Abstract from Prof Simon Kemp's Guest Lecture presented at the Treasury on 07 August 2007.
Prof Simon Kemp
Department of Psychology, University of Canterbury
Simon teaches part of two third-year classes on economic industrial and organizational psychology, and psychological research methods. At the postgraduate (Master's degree) level, he runs a year-long course on economic psychology. Simon regularly supervises Honour's projects and Master's theses, normally at the rate of about 3 per year. At present he is supervising three Ph. D. theses, three Master’s theses, and six projects in Applied Psychology. Simon is a member the University of Canterbury’s Human Ethics Committee, and the Department of Psychology’s Coordinating Committee. He is also Director/Coordinator of the department’s program in Industrial and Organisational Psychology.
Current society memberships
International Association for Research in Economic Psychology, American Psychological Association (Foreign Affiliate), Cheiron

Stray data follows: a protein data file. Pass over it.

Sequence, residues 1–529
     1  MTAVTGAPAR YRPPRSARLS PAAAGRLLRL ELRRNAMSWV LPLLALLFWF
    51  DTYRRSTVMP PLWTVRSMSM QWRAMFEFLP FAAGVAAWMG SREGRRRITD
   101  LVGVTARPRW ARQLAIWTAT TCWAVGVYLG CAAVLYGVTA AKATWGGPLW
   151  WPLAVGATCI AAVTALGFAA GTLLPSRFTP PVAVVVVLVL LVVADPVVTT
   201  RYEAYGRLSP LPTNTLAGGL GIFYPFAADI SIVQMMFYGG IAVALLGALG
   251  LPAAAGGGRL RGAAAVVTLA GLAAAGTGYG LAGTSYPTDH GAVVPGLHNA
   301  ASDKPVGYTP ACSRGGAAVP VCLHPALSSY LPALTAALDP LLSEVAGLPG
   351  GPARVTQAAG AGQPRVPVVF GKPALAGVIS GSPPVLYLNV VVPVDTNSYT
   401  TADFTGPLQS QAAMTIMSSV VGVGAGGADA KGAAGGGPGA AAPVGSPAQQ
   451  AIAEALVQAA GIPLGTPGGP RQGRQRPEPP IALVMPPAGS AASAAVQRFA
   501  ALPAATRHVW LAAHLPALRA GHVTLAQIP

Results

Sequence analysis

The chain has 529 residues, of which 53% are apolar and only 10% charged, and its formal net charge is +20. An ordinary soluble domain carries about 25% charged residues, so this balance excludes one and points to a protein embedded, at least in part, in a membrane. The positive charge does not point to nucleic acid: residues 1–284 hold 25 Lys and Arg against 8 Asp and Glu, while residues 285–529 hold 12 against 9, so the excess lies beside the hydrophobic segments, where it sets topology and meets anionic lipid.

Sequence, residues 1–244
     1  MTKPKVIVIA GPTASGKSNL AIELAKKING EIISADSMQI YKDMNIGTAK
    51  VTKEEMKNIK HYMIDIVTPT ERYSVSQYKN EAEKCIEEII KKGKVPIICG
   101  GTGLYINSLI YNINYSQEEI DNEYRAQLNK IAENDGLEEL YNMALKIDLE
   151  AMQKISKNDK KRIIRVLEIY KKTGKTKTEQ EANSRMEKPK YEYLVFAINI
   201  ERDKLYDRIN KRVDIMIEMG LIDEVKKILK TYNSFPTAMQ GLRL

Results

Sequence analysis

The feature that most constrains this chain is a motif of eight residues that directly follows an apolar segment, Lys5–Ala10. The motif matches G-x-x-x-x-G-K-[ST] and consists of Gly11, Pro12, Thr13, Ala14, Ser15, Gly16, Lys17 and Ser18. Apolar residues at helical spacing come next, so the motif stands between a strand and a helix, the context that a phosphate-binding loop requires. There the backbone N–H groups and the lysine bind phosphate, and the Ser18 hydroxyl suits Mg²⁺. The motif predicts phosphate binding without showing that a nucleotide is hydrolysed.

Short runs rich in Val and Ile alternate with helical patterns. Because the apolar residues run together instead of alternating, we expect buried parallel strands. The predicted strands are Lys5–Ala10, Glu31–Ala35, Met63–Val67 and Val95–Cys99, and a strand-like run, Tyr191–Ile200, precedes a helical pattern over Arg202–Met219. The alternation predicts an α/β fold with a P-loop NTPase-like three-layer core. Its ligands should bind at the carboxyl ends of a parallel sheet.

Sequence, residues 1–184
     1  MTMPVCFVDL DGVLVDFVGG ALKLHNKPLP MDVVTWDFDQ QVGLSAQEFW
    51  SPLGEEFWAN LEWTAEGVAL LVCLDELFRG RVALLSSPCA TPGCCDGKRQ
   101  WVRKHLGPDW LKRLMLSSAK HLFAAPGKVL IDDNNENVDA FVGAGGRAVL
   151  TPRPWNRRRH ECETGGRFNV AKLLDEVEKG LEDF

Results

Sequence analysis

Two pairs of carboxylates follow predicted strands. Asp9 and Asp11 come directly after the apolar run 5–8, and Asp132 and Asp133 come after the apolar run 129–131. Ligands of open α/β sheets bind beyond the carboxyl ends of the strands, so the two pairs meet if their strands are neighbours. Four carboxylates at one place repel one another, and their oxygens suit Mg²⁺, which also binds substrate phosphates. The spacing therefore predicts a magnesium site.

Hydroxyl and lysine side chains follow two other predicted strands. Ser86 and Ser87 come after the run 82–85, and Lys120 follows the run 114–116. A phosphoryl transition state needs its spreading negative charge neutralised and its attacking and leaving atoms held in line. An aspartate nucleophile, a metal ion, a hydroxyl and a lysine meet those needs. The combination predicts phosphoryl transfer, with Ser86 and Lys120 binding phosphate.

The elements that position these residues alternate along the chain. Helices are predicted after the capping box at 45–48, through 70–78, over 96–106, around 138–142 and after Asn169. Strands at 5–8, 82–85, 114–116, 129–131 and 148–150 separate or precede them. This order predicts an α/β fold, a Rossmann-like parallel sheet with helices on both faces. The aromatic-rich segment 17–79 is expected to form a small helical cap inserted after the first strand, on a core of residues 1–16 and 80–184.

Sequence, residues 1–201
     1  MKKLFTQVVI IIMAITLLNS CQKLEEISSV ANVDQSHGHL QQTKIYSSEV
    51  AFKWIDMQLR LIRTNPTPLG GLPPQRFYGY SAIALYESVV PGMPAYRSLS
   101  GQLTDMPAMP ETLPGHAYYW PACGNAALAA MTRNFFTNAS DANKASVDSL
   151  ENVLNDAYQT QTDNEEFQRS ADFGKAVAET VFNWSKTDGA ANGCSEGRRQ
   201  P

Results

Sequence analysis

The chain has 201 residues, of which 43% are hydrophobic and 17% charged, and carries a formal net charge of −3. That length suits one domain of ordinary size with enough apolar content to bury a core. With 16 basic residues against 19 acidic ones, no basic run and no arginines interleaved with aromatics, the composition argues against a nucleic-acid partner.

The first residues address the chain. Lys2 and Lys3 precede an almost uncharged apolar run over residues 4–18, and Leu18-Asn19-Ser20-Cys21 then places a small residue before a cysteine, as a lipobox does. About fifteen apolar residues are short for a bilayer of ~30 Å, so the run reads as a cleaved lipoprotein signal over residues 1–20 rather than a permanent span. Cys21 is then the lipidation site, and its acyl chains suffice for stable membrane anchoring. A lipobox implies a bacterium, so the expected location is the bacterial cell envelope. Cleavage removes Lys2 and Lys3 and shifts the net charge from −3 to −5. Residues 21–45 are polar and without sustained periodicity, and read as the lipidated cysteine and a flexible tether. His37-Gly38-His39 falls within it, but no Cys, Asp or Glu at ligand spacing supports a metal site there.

Editing and editorial boards
Simon was editor of the Journal of Economic Psychology (published by Elsevier in The Netherlands) from 2000 to 2005 (from 2000-2003 he shared the editorship with Peter Earl). He is currently on the editorial board of the Journal of Economic Psychology, Judgment and Decision Making, and the New Zealand Journal of Psychology, and a consulting editor for Greenwood Press. Simon regularly reviews for a variety of journals and publishers, and occasionally for research granting agencies.
Governments spend a great deal of money. Does the money get spent on what people value? I examine some methods that might help answer the question, and present some results obtained from them. Overall, there does not seem to be a very close match of spending to value. However, people appear to value government goods in a rather simplistic way. For example, they do not readily distinguish the marginal and total utility obtained from them; nor do they have a good idea of what services cost to provide. It is possible that their knowledge and thinking is simple, because there is little pay-off for developing more sophisticated concepts.